By Angus W. Stocking
On September 30, 2018, the 200 or so residents of British Columbia’s Old Fort (not far from Fort St. John) were shocked by the roar of a landslide occurring a couple of miles outside of town, as 8 million cubic meters (10.5 million cubic yards) of dirt, rock, and big boulders swept down about 1,000 meters (0.6 miles) from a gravel pit to Peace River wetlands, laying waste to everything in their path, including trees, utilities, and—of most concern to residents—about 600 meters (2,000 feet) of the Old Fort Road, the only access for residents. It was a roar heard around the nation, making the evening news and drawing the nearly immediate attention of the B.C. Ministry of Transportation and Infrastructure.
The safety of residents trapped in Old Fort was the most pressing concern. As the ministry mobilized to investigate, the news wasn’t good. Early site inspections indicated that the landslide was a significant natural hazard that would require a multiyear timeframe to mitigate. Local geologists from Westrek Geotechnical Services were soon able to confirm that the slide was “caused by a failure in the bedrock at the head of the landslide, where a gravel quarry had been operating on the hillside above Old Fort,” and that the ground beneath the slide had been moving for months before the massive collapse.
Nor did that massive collapse signal the end of the landslide’s downward march. Though it had released a massive amount of stored up energy, the failure was still happening. Three days after the collapse, additional displacements of 20 meters were measured. In the following days, displacements of 4 to 50 meters were common. These early measurements were so alarming that B.C.’s Public Safety Minister Mike Farnworth took the prudent but controversial step of evacuating the entire town on October 7th, a move that affected 54 homes and about 200 residents.
It was a trying and stressful time for everyone involved. Given the size and ongoing downward translation of the landslide, no one at the ministry could say when, or even if, Old Fort Road would be rebuilt (evacuations of people and belongings took place by emergency barge and helicopter from the adjacent Peace River), nor could the ministry be certain that the town itself would be spared. Some residents were worried they might never be able to move back into their houses.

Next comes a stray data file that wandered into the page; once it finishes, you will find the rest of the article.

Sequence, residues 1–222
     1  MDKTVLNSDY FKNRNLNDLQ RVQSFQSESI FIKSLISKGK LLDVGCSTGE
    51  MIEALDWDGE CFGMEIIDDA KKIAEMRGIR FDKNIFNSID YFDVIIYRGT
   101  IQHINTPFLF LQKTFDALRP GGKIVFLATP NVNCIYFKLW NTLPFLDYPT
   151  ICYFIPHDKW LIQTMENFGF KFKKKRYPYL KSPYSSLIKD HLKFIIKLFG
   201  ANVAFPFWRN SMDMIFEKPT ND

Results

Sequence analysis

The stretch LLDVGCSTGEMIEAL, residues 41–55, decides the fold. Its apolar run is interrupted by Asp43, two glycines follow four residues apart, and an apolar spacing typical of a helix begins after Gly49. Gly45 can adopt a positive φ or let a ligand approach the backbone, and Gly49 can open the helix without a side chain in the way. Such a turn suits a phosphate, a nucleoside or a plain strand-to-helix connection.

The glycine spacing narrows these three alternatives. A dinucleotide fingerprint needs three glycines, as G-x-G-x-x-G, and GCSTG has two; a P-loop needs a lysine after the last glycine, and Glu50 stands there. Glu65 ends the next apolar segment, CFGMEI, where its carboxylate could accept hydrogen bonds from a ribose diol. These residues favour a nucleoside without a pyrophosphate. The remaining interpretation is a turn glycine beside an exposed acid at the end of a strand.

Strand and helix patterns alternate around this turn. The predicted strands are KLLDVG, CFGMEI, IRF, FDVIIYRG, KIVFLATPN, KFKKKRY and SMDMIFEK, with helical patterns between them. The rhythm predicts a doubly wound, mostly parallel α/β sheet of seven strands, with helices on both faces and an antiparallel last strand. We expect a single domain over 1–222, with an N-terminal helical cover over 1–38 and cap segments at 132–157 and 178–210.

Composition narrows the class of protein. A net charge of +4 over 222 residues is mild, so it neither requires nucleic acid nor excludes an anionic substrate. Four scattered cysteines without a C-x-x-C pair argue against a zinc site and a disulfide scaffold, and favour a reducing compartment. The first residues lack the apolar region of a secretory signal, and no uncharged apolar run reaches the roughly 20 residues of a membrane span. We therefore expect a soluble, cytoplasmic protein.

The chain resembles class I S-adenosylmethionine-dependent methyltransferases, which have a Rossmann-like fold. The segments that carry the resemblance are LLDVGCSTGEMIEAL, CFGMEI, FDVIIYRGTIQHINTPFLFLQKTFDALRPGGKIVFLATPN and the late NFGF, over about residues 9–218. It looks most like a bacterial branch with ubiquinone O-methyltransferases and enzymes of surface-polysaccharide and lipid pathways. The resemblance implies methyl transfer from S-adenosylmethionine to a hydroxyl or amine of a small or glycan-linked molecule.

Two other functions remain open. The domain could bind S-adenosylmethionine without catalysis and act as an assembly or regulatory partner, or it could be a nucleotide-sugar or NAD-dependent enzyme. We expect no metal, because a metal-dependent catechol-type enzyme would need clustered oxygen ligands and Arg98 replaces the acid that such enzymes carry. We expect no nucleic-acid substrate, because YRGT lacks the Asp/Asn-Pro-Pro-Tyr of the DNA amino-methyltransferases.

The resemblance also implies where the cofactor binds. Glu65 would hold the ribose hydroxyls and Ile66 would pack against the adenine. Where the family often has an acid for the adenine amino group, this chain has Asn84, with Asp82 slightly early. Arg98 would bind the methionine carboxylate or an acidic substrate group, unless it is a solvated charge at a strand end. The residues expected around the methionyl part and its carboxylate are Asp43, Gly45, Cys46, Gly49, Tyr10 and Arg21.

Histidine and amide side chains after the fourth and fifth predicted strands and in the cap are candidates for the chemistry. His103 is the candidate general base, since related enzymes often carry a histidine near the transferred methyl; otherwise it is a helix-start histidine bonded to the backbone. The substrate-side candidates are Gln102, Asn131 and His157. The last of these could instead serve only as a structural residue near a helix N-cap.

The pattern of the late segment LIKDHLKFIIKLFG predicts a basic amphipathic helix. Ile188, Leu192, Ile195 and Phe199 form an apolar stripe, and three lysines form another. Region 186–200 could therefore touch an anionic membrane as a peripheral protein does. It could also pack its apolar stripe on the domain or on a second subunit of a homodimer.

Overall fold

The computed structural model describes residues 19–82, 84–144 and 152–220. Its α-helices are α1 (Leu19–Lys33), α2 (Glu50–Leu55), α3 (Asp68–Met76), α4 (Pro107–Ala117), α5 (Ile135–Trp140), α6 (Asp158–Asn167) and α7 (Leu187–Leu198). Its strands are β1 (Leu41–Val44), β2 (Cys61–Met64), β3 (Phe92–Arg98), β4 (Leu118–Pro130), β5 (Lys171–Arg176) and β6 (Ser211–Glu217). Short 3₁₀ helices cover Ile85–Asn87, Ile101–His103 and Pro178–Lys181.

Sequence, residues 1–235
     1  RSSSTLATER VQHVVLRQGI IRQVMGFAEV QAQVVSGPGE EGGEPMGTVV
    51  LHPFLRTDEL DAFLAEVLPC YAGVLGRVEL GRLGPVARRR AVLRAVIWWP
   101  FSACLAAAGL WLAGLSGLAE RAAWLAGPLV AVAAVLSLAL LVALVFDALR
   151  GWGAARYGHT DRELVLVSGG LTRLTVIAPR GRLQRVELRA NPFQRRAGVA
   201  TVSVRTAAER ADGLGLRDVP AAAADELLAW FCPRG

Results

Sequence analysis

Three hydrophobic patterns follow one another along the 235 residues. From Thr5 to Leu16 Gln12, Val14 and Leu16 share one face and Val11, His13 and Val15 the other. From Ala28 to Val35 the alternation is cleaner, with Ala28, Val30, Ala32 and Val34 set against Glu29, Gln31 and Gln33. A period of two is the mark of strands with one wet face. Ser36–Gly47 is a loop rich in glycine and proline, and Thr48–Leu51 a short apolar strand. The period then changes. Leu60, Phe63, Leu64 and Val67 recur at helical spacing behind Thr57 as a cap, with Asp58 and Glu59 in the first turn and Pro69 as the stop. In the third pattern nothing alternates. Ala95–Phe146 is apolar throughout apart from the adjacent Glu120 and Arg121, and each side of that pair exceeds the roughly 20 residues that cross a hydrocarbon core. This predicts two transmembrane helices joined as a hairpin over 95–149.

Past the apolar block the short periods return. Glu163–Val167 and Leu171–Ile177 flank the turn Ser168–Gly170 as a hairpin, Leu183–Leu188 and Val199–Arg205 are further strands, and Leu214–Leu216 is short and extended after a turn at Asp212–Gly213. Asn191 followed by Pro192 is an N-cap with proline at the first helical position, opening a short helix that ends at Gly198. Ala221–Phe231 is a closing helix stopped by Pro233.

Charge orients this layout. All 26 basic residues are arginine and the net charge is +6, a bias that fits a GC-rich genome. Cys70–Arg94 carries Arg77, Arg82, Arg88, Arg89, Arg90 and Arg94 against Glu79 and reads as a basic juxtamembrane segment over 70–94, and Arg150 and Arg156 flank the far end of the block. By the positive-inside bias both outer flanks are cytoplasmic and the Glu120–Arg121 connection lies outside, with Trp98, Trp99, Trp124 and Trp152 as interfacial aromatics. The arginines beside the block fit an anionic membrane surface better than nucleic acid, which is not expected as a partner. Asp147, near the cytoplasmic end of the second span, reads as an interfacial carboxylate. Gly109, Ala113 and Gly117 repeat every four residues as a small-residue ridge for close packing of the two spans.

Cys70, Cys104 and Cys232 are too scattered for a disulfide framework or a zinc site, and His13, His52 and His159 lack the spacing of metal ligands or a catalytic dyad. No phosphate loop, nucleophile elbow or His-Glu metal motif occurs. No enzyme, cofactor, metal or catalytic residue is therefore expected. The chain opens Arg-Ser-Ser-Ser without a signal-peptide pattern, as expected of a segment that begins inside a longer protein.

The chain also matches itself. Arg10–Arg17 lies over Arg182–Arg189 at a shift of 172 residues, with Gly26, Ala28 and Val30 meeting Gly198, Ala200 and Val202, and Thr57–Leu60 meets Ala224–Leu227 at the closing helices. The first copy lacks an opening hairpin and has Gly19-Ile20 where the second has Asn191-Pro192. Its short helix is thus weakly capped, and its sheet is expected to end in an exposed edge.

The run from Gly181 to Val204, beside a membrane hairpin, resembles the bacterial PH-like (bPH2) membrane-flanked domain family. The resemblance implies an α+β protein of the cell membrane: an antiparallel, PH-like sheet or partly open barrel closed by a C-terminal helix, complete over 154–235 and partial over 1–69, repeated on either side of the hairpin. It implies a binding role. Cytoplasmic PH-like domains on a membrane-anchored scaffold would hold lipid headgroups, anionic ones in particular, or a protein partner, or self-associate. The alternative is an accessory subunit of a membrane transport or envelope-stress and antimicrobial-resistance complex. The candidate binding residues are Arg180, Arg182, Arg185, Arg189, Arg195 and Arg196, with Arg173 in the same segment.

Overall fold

Complex Monitoring, Done Just Right
Monitoring of the landslide began within days, as ministry personnel quickly implemented daily overflights with lidar equipment. This was an effective and safe first step to provide accurate data that covered the several-acre slide area. Aerial overflights also kept workers off the slide in the earliest and most dangerous days following the initial collapse.
But lidar overflights were unsustainable for long-term monitoring because the daily flights were prohibitively expensive. Additionally, the lidar work could only record data every 24 hours and would never be able to provide the real-time information on movement rates that is used to automatically alert workers on the landslide of rapidly increasing movement that might signal another collapse event. “The lidar work was essential in the immediate aftermath of the landslide, and that early data was extremely helpful,” says Ministry Geomatics Survey Supervisor Sean MacIsaac. “But we knew it wasn’t the kind of monitoring we would need to determine when the slide stabilized, and when it would be safe to build a temporary road and restore utilities.”
The team reached out to David Rutledge, Leica Geosystems’ director of structural monitoring, as well as measurement solutions provider Spatial Technologies, to design and install a GNSS-based monitoring system within two weeks of the landslide, start to finish.
Rutledge, who is based in California and British Columbia, made himself available immediately for what proved to be one of the most urgent and complex of the many monitoring projects he’s been involved with over his career. “Designing a system that would reliably—and cost-effectively—measure the precise displacements in real-time was the challenge. We needed a system that could track the slide in three dimensions at the millimeter level around the clock. This was required to understand the mechanics of the slide and to ensure that we
were not putting anyone in harm’s way,” Rutledge said. “Sean and his team really understand risk and were open to several innovations that made this solution possible.”
For his part. MacIsaac says, “My survey team has been standardized on Leica Geosystems equipment for a long time now. Given the high stakes of the situation, we were confident in Leica’s tried and tested approach.”
The monitoring solution consisted of four major components:
• Custom GNSS monuments that were designed by Leica Geosystems to be moved by helicopter onto the active slide area
• Leica GM30 monitoring receivers that track the GPS constellation and the GLONASS constellation
• A Leica Geosystems designed communication system with three-way failover capability for the highest reliability.
• A custom implementation of the Leica GeoMoS Now! online analysis software for continuous real-time monitoring of landslide movement.
Really Stable Monuments… That Move!
From a surveyor’s perspective, placing GNSS sensors on an actively moving landslide was an interesting undertaking. The innovative, first-of-its-kind monument design that Rutledge and MacIsaac devised, built, and installed is likely to be influential in landslide monitoring projects for years to come.